More than 52,000 Oregonians with individual health insurance plans will see rate hikes of 9.6% on average, and as high as 16.4%, if the premium rate hike posted today by Regence BlueCross BlueShield goes forward. At the same time, customers in lower-deductible plans will face out-of-pocket costs starting at $2,500 before coverage kicks in, and consumers in the Portland metro area may need to change providers.

> Keep Reading
Media Hit | Health Care

Portland-area Regence BlueCross BlueShield individual members could see rate hikes as high as 15.3 percent

Individual members of Regence BlueCross BlueShield could see an average 9.6-percent rate increase statewide, requested by the insurer months after announcing network changes to cut costs.

> Keep Reading
News Release | OSPIRG | Health Care

Supreme Court Upholds Affordable Care Act

Today’s decision is good news for consumers in Oregon. Now it’s time for Oregon leaders to move forward on the next steps, and make sure health reform delivers lower costs and better quality coverage.

> Keep Reading
News Release | OSPIRG Foundation | Health Care

Health Net Rate Hike Not Justified

If approved, the rate increase would impact 38,492 Oregonians with coverage through a small business employer. Of those enrollees, 14,298 would see rates rise between 11% and 30%.

 

> Keep Reading
News Release | OSPIRG Foundation | Health Care

Health Insurance Rates to Rise 8-14% for Many Oregon Small Businesses

If approved, the insurer will raise rates 5.56% on average beginning in July, affecting 35,224 Oregonians enrolled in coverage through a small business employer.

> Keep Reading

Pages

Blog Post

 

In 2018, OSPIRG helped pass a prescription drug price transparency program in order to better understand why prescriptions cost so much and to protect consumers from unexpected price increases. Now in its second year, the Oregon Department of Consumer and Business Services released the results from 2020 reporting. Here are some key takeaways:

News Release | OSPIRG

The maker of Humira, the world’s best-selling drug, faces a new legal challenge over alleged anticompetitive tactics. Monday, the U.S. Public Interest Research Group (U.S. PIRG) filed an amicus brief in the 7th Circuit Court of Appeals arguing that AbbVie’s strategies of reverse payment settlements and creating “patent thickets” have delayed the entry of biologically similar generic drugs (biosimilars) onto the market, costing Americans billions of dollars. 

Report | OSPIRG Foundation

COVID-19 is putting incredible stress on the U.S. medical system, including the work of hospital biomedical repair technicians, known as biomeds or BMETs. These technicians are essential; hospitals need working equipment to diagnose and treat patients. But in some cases, manufacturers restrict access to what biomeds need.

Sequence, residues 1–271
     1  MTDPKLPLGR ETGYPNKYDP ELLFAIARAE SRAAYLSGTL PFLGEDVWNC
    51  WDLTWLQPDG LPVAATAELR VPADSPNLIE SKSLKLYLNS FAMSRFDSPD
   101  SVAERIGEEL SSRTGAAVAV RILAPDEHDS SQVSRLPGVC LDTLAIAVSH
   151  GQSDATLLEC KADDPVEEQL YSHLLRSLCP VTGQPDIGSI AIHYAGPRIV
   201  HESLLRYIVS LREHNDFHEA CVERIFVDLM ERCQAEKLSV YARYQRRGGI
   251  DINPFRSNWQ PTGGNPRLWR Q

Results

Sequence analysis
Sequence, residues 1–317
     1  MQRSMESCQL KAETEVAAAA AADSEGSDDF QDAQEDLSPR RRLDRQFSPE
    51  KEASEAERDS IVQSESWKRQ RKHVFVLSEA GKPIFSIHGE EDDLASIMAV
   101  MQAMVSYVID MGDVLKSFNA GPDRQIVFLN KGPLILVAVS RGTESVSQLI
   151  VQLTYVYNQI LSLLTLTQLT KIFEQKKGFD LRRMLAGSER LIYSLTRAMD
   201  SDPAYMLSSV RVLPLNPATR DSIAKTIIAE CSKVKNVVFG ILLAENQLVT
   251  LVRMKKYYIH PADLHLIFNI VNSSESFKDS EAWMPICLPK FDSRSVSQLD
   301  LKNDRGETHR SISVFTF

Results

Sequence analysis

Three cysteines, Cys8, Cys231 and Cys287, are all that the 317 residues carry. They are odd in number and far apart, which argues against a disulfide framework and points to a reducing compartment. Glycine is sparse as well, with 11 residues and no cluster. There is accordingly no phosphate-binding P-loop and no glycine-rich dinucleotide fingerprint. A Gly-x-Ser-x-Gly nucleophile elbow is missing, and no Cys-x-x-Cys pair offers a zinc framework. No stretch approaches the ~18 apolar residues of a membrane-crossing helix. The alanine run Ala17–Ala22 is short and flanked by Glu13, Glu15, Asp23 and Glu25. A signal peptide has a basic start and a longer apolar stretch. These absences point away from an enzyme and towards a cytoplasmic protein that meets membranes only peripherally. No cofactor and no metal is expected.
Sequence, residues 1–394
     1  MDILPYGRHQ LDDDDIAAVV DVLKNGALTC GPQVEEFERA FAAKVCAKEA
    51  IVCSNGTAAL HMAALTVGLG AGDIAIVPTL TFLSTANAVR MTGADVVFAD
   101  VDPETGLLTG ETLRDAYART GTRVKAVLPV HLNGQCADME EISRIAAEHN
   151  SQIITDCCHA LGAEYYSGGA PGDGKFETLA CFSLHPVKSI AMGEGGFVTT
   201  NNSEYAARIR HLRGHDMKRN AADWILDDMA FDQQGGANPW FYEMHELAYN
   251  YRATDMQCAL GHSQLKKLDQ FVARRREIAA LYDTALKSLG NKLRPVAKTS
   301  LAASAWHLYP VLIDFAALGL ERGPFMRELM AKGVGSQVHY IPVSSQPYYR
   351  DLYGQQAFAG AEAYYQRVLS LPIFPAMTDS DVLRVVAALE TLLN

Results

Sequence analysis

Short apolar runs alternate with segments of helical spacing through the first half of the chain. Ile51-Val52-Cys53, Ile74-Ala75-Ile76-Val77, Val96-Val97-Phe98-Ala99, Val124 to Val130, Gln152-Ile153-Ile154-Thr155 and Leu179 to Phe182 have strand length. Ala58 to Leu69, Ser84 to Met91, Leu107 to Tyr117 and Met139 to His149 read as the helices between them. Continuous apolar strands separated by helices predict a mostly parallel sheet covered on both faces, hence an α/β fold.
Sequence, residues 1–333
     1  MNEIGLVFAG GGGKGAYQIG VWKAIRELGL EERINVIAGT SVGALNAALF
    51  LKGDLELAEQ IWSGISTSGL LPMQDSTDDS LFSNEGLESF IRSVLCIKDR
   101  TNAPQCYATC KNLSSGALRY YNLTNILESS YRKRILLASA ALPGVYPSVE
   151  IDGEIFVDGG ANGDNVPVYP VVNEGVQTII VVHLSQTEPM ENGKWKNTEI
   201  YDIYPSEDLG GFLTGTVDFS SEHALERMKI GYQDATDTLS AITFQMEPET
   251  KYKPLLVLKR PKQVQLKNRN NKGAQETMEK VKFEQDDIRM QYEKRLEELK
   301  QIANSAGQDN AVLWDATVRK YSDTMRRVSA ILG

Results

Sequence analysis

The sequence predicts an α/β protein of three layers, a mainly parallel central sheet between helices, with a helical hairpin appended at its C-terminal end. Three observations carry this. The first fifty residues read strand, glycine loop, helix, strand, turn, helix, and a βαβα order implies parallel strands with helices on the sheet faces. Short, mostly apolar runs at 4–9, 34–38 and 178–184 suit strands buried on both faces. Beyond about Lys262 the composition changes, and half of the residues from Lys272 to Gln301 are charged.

News Release | OSPIRG Foundation

The coronavirus (COVID-19) pandemic is putting incredible stress on the U.S. medical system, including the equipment that is essential to diagnose and treat patients, such as ventilators. As that equipment is pressed into round-the-clock use, biomedical repair technicians face increasing pressure to maintain and repair all that equipment. However, in too many cases, manufacturers limit access to the essential tools and information these repair experts need. A new report by the OSPIRG Foundation, Hospital Repair Restrictions, details the challenges that medical professionals face as a result of device manufacturers setting up barriers to repair, and outlines steps to take to help hospitals. 

News Release | OSPIRG

OSPIRG delivered a letter to Gov. Kate Brown Monday, signed by 326 hospital repair experts from around the country, including 6 in Oregon, calling for manufacturers to stop withholding what technicians need to fix medical equipment like ventilators. It’s part of OSPIRG’s larger Right to Repair Campaign, which aims to remove unnecessary barriers to repair that drive up costs for product owners and increase electronic waste. 

Health Care

Oregon drug prices five times higher than in other countries, report finds

A prescription medication in Oregon, on average, costs five times as much as the most expensive international price. OSPIRG is calling on the Department of Consumer and Business Services  to improve transparency by compelling drug manufacturers to publish their profits, among other information.

 

Health Care | U.S. PIRG

Searching for common ground on caregiving

In our politically divided time, it's difficult to see where we can find common ground. But the need to value the work of caring for our loved ones is one such place. PIRG Senior Director of New Economy Campaigns Evan Preston explains in his blog, "Toward Consensus on Caregiving."